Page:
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Film reveals how librarian Tsao Yung-ho shattered assumptions that Taiwanese history should be viewed through Chinese lens

The Hidden Transcript of Academician Ts’ao Yung-ho tells the story of a librarian and scholar who changed the way many Taiwanese think about their country.

In a documentary screening at TAIWANfest in Toronto and Vancouver, a historian speaks of two exceptional seniors from Shilin District in Taipei. According to Wu Rwei Ren, these two old men—Su Beng and Tsao Yung-ho—took sharply different paths in the 20th century.

Su Beng embraced the discourse of resistance, becoming an anti-authoritarian rebel when Taiwan was a Japanese colony. Su Beng worked undercover with Chinese Communists prior to 1949. Later, Su Beng joined an armed Taiwanese resistance group that plotted the assassination of Taiwan’s dictator, Chiang Kai-shek. Then this rabble rouser went into exile and wrote Taiwan’s 400 Year History before returning home to fire up the independence movement.

Su Beng’s lifelong friend, Tsao Yung-ho, on the other hand, became a studious librarian at National Taiwan University. He started in 1947 in the midst of ruthless repression by Chiang’s Kuomintang government.

In contrast to Su Beng, Tsao avoided trouble. He made his mark transcribing diaries written in Dutch by 17th-century colonists, which he discovered in the library. Tsao worked incredibly hard to master the Dutch language, relying on index cards to improve his vocabulary.

Su Beng
Su Beng and Tsao Yung-ho in their younger days.

When Tsao died in 2014, he didn’t receive a glowing obituary in the New York Times, unlike Su Beng. Yet according to Wu in The Hidden Transcript of Academician Ts’ao Yung-ho, this librarian’s contribution to Taiwanese identity cannot be understated.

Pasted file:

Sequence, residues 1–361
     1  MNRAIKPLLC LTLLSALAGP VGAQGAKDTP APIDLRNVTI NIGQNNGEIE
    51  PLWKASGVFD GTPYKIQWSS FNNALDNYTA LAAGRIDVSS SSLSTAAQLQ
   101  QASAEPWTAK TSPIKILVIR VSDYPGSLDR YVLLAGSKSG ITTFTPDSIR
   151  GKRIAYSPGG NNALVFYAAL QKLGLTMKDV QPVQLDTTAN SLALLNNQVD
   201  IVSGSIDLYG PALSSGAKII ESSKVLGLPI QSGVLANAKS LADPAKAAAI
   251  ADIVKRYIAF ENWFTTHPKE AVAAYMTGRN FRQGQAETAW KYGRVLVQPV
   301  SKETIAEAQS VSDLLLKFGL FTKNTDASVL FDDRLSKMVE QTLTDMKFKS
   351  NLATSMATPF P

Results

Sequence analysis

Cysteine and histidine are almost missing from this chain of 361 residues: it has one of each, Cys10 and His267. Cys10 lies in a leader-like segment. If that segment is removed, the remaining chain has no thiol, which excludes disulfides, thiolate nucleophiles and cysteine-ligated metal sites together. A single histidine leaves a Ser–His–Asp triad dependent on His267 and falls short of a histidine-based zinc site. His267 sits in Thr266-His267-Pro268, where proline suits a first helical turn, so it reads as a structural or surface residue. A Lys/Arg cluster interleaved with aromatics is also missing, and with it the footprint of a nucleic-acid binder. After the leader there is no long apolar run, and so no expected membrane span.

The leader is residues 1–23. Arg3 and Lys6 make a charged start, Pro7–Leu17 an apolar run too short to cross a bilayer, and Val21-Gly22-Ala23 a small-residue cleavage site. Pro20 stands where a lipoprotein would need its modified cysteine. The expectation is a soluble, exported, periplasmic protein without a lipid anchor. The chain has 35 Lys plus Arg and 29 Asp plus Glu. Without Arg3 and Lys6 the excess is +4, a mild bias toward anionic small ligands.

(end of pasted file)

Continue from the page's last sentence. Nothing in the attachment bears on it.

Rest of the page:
Importantly, as a historian, Tsao “completely shattered” any assumption that Taiwan was always a part of China. Wu, an Academia Sinica Institute of Taiwan History associate research fellow, maintains that Tsao accomplished this through his rigorous empirical research.

“His topics look like they’re about economic history, marine transportation history,” Wu says in documentary. “They don’t seem very political at all. But in the context of knowledge in Taiwan at that time, it was highly political.”

Tsao attracted many academic admirers

As a result, Wu insists that Tsao played a pivotal role in the evolution of Taiwanese discourse of resistance into a common value—a deep respect for democracy. And Tsao did this in a quiet voice in lectures at the university after becoming an instructor in 1985.

“Perk up your ears everybody,” Wu tells a crowd of activists through a loudspeaker in the documentary. “A free and democratic history. That’s the core of Taiwanese history and the final destination of Taiwanese history. We will not allow it to be overturned.”

Because Tsao spoke many languages, including German and Japanese, he helped scholars in other countries better understand his country.

Wu Rwei Ren
Historian Wu Rwei Ren greatly admires Tsao’s work.

Wu is one of several historians offering insights into Tsao in this remarkable and often emotional film. Another historian, Chiang Shu Sheng, recalls how Tsao focused his research on the “Island of Taiwan” rather than viewing the expansion of China as the lens through which Taiwanese history should be seen.

In doing this, Tsao had a profound impact on later historians even though he never attended university after failing high school math.

Meanwhile, historians Chung Shu-Ming and Chen Tsuilien, share stories about how Tsao made research of historians outside the country available when it was forbidden within Taiwan. That included works by radical thinkers such as Koh Se-kai, Ong log-tek, Su Beng, and Ng Chiau-tong.

Then there are the film’s warm recollections of high-profile Dutch historian Leonard Blussé, who specializes in Asian-European relations and speaks fluent Mandarin. Blussé relied on Tsao’s efforts to shed light on the Dutch East India Company’s activities in East Asia.

Watch the trailer for The Hidden Transcript of Academician Ts’ao.

Animation sets stage for Tsao’s life story